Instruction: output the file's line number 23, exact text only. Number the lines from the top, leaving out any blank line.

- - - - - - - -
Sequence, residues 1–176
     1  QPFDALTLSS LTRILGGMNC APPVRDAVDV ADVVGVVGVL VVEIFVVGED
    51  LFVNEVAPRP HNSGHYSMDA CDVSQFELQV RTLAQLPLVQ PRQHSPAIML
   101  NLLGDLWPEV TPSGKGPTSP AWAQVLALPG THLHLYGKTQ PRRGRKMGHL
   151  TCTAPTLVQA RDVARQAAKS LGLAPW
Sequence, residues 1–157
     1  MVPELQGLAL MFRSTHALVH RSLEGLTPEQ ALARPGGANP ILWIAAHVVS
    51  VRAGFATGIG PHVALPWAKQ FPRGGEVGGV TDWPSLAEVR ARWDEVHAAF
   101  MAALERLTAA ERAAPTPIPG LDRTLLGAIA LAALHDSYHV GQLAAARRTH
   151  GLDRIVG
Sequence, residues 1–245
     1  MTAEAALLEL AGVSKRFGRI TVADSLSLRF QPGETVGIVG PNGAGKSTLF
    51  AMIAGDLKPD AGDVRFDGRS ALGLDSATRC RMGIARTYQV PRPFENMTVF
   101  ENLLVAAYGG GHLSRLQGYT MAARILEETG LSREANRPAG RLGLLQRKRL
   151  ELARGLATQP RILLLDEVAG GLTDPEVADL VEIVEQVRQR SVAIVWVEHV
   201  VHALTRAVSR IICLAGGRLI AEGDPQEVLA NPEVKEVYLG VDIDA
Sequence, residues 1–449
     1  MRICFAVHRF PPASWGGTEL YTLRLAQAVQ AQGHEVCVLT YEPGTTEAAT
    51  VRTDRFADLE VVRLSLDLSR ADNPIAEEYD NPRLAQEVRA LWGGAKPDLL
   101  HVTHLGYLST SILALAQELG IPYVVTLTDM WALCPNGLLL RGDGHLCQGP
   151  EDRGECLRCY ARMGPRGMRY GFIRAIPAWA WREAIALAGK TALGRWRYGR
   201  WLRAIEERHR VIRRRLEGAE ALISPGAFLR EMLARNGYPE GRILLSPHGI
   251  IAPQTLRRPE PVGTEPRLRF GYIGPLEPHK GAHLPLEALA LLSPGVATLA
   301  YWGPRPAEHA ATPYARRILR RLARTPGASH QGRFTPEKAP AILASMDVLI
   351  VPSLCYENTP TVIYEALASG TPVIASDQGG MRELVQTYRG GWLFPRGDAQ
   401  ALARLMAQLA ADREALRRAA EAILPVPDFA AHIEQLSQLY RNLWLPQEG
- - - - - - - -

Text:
   251  IAPQTLRRPE PVGTEPRLRF GYIGPLEPHK GAHLPLEALA LLSPGVATLA